Building a sustainable and gratifying life is normally a person’s main thinking project. What we want from thinking breaks that down into something like the following list.

We want a life-sustaining engagement with nature. We want to know nature’s beauty and wonder, and to draw from its fruitfulness of food, energy, and other comforts and sustainers of life. (Science helps with this.)

We want to participate in authentic and loving attachments. We want to be enlarged and inspired by attachment to others, by encounters with great writings and works of others, to rise above self-absorption to experience a sense of disinterested justice and a devotion to justice. We want to inherit the whole legacy of human discovery, insight, and accomplishment.

We want to function competently in a cooperative production and exchange operation. (Vocational and professional programs emphasize this.)

A life can be analyzed as a system of production, consumption, and exchange but there are also considerations of subjectivity acting to relish personal intelligence and animal embodiment, as well as child nurturing family life, communal engagement, and a strictly personal orientation to cosmic god or nature. Sensing the importance of that whole range of interests, we want to protect ourselves from being enslaved, stunted, and exploited by production organizations or grandiose cultural spooks such as nations, religions, and corporations which promote and reward types of ‘groupthink’. Placed as thinking is between forces for social control and impulses for self-possession, we must be wary of stealthy attempts at external control of thinking. We want to protect ourselves from having our self-definition diminished by cultural categories and culturally assigned values. We want to understand the political, social, and economic issues engulfing us, legacies and realities of perennial class wars. (Humanities studies, history, literature, philosophy contribute to this.)

We want to create a personal mark on natural and cultural surroundings with the freedom enabled by deliberation and creativity. Labyrinthine subjectivity can present a challenge here. Freedom can’t be merely letting the subjective buzzing buzz and the bubbling bubble, although innocent play is a dimension of freedom. Innocent subjectivity alone and unfocused can be a bog of isolation, powerlessness, and nowhereness. A sort of thinking to experience freedom and self-possession needs development of a personal voice, a voice-avatar. Deliberation, discretionary actions, and creativity are required for expressive power, and those all share persistence and perseverance in building a unity of effort. That is building artifacts and complex orientations from the buzzing and bubbling. The same skill and impulse applies to digging into and investigating nature and culture. Digging can be building, carving out a shaped opening, a path through the wild unknown.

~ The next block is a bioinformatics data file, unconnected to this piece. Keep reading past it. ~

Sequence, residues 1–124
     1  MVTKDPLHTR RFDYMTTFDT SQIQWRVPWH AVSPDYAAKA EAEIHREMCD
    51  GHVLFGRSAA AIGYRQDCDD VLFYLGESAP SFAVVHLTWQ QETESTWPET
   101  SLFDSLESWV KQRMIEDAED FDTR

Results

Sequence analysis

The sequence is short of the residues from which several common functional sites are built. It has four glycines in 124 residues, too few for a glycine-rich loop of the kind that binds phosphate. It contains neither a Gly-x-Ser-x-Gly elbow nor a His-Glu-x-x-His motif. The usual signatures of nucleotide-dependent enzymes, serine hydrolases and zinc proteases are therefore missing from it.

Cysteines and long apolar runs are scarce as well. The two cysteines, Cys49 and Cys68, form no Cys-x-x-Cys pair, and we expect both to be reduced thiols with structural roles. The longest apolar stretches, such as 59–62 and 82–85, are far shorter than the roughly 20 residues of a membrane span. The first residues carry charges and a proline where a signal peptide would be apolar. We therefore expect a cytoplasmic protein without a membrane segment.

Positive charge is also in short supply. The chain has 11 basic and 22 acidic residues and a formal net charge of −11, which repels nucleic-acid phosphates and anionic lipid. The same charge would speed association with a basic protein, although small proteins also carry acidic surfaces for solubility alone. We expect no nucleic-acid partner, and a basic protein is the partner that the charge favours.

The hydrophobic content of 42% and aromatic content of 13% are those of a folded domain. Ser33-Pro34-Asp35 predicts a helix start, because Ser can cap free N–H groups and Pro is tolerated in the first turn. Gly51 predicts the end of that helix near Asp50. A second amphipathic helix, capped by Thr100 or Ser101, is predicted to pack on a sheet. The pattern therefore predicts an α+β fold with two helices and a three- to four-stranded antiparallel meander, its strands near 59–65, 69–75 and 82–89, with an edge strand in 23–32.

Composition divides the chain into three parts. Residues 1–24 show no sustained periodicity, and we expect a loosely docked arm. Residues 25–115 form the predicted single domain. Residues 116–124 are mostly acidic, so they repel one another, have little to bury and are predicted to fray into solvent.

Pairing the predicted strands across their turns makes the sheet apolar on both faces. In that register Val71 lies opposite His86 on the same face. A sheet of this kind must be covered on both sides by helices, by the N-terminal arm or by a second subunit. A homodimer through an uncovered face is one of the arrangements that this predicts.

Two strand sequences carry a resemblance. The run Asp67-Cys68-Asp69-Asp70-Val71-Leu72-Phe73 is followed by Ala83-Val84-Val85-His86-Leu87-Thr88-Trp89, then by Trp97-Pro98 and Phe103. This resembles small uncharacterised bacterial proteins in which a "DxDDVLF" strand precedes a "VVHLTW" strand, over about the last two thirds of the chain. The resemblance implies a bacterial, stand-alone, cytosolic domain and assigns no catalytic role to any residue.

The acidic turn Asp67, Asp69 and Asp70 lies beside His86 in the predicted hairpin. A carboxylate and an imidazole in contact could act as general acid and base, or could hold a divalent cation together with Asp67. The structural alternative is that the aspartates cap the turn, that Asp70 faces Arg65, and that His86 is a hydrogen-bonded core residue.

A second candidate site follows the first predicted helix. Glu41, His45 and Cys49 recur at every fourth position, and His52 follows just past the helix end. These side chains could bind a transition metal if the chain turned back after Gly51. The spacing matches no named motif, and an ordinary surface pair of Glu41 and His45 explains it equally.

With thinking, innocence equals play, and for adults that includes the power to build in unsupervised authorship. The special thinking in focus here could be called deliberative play, the practiced creative process. (See also TED Talks, “The Play Manifesto”, Bulgaria.) However, the really revolutionary thing about play is that it is self-generated and removes much of the need to engage with markets.

We want to be fully acquainted with personal nature as intelligence without forfeiting animal embodiment, sensuality, and groundedness. We want to engage the experience of transcendence, the supra-natural freedom of intelligence. We want to be acquainted with that profundity that was hinted at or channeled by religion: to be in the world but not of it.

Copyright © 2011 Sandy MacDonald. The moral right of the author is asserted.

 

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